Wednesday, August 23, 2017
1917 — 100 years ago
Hood River police officers were notified late Saturday night to be on the lookout for burglars who made an attempt that night to blow up the vaults of the Columbia State Bank in White Salmon. It was thought that the men, who were discovered while working on the vault, had escaped across the Columbia. The burglars left their tools, ropes and drills in the bank, and from the nature of those, it is believed the men were professionals.
1927 — 90 years ago
Believing in the old adage that the best time to make hay is while the sun is shining, the officers of the Odell PTA are starting early to raise funds for hot lunches for grade school children when the rainy and wintry days come. For the past two years, these lunches have proved to be highly beneficial to the children. To raise funds for this worthy project, local PTA officials will hold a big ice cream and cake social at Odell high school next Monday, Aug. 29 at 8 p.m. The Pythian Band will present and games will be provided.
1937 — 80 years ago
Rumors which have reached rural users of the municipal Colds Springs water supply the past week brought a representative delegation from the several valley districts served to Monday night’s council meeting in hope that they would learn, first hand, just what the city fathers require of them beyond payment for water sold to rural units in bulk in accordance with the contracts entered into several years ago. In this they were destined to be disappointed, for it was apparent that the council as a whole and Mayor Kolstad have not reached any definite decision on how upping of rural rates would provide the city with any large increase of water, or in sufficient volume to make it possible to secure efficient operation of the street lighting system, which is the airlock in the water system at this time.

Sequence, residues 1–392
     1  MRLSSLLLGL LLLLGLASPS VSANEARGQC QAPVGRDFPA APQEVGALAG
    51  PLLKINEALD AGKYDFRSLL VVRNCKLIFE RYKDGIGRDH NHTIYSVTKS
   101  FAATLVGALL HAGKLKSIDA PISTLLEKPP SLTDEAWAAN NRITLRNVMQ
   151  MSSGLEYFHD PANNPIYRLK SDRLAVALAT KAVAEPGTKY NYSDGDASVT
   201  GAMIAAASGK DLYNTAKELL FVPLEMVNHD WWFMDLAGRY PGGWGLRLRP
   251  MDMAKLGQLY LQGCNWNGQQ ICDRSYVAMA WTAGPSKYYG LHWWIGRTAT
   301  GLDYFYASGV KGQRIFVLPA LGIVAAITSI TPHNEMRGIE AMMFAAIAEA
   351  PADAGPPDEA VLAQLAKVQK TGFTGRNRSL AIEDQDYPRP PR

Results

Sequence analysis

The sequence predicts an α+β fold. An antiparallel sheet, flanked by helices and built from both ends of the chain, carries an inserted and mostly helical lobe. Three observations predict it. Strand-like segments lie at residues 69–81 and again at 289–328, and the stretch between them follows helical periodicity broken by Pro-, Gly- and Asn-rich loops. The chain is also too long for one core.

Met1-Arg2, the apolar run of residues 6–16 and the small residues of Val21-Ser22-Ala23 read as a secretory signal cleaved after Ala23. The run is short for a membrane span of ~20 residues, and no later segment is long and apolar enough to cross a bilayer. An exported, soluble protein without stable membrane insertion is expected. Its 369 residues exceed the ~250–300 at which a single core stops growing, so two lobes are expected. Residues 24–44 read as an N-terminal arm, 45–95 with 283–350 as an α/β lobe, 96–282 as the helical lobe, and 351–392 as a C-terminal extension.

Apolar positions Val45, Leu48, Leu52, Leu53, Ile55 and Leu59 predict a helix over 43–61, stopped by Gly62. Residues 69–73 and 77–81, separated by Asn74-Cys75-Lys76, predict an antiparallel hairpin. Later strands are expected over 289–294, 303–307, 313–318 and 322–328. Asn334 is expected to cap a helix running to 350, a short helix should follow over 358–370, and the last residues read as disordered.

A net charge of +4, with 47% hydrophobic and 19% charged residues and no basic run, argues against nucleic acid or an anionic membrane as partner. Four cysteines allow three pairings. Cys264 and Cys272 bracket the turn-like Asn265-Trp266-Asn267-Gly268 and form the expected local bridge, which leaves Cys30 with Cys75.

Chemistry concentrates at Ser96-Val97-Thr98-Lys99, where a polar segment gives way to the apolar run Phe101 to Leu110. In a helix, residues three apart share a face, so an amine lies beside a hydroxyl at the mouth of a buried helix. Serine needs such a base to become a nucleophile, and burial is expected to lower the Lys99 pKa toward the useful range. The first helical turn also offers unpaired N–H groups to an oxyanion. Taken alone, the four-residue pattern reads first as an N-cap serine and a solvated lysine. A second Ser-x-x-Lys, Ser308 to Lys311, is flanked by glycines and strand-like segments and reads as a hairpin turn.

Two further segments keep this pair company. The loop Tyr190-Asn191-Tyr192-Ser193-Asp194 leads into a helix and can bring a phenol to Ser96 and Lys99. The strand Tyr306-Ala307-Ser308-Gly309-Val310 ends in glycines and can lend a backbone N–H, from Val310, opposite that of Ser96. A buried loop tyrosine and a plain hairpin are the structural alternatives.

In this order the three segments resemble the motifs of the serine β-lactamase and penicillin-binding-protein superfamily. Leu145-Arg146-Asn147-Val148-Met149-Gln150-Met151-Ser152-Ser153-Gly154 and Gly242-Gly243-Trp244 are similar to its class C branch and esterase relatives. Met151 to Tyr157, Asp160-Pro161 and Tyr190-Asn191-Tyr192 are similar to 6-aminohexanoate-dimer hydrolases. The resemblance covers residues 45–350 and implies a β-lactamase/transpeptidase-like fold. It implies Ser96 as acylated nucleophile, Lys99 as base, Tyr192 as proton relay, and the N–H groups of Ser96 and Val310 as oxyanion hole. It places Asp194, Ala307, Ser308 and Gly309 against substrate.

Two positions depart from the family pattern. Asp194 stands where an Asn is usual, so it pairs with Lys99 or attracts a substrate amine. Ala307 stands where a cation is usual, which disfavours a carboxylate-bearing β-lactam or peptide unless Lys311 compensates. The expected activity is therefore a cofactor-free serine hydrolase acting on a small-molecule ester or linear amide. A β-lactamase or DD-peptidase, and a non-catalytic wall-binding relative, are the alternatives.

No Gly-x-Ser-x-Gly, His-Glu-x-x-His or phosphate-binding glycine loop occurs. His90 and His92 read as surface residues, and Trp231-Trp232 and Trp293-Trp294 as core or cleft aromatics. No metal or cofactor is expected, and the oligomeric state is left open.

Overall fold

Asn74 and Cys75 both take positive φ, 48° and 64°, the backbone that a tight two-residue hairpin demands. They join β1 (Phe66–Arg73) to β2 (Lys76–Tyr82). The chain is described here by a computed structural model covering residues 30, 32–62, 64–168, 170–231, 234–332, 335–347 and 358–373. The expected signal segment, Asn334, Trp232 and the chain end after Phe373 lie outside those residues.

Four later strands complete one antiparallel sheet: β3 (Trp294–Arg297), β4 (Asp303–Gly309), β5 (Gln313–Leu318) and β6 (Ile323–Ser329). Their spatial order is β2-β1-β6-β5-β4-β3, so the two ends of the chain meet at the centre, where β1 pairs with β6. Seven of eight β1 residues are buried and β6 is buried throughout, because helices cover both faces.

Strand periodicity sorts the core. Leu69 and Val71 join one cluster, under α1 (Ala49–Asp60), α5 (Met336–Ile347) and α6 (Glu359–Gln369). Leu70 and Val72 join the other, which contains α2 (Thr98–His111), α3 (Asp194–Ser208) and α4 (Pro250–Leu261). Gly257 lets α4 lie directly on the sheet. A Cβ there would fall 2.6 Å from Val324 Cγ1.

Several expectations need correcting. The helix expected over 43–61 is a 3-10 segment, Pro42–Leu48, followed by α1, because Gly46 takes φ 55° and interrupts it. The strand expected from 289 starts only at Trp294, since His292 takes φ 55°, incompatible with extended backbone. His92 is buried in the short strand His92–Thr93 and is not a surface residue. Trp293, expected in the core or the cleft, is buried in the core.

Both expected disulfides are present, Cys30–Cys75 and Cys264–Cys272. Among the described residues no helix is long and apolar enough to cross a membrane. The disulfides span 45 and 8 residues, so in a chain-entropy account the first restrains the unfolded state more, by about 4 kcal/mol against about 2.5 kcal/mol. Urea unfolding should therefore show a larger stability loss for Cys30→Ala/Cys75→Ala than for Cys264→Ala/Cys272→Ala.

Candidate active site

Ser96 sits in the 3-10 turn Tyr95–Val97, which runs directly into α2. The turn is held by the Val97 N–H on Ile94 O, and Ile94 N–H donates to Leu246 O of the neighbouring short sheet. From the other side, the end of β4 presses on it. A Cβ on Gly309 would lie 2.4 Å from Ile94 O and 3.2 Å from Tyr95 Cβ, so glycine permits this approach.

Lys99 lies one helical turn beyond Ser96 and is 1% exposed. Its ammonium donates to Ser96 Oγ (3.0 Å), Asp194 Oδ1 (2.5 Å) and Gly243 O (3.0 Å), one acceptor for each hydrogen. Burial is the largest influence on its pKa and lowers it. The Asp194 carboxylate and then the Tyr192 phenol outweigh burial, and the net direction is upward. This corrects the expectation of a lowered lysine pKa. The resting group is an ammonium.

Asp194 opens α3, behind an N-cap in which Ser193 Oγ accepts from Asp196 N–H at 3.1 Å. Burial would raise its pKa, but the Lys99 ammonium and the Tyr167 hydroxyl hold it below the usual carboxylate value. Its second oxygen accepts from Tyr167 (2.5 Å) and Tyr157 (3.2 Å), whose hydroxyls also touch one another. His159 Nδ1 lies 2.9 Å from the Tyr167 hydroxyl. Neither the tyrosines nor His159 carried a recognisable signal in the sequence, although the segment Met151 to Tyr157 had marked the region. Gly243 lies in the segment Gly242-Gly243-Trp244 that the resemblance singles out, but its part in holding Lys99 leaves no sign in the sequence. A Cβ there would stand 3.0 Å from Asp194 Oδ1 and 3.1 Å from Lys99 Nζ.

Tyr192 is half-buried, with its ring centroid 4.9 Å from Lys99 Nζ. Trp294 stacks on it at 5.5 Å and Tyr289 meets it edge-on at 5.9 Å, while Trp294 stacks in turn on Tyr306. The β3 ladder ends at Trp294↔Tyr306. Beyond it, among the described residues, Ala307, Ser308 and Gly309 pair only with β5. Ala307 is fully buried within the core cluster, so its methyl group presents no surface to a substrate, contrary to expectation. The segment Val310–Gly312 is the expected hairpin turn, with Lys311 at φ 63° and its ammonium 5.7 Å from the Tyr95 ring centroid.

VERBATIM: River Swim Plan Altered
A deadline has been set, and the course changed in Hood River County’s “Cross-Columbia Swim” planned here for Labor Day.
Mike McLucas, manager of the Chamber of Commerce, said the deadline for registering ambitions swimmers in his office is Aug. 30. So far, he said, only swim enthusiast, Rob Webster, a frequent river swimmer, has signed.
As plans now stand, swimmers will launch from Koberg’s beach, paddle across the river for a rest, then head back to the Hood River Village shore, forming a triangle. Originally, the swimmers were to start at the Village, but the plan was changed so the swim could be observed from the riverfront facility.
Those who want to make the crossing must make provisions to be accompanied by a rowboat and two observers, outfitted with life jackets and life preserver on a li ne — just in case of emergencies, McLucas said.
This Labor Day will be the first time an attempt has been made to organize the swim on a community basis.